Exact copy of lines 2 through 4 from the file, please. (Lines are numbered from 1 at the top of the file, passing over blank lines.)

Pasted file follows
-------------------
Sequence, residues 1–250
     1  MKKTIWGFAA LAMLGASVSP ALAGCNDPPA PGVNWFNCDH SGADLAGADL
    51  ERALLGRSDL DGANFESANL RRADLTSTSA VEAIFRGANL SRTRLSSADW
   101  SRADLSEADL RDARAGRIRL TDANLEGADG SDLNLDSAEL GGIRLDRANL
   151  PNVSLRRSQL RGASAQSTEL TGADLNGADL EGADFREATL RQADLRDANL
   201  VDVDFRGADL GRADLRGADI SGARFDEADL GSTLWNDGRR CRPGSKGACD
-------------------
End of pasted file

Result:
     1  MKKTIWGFAA LAMLGASVSP ALAGCNDPPA PGVNWFNCDH SGADLAGADL
    51  ERALLGRSDL DGANFESANL RRADLTSTSA VEAIFRGANL SRTRLSSADW
   101  SRADLSEADL RDARAGRIRL TDANLEGADG SDLNLDSAEL GGIRLDRANL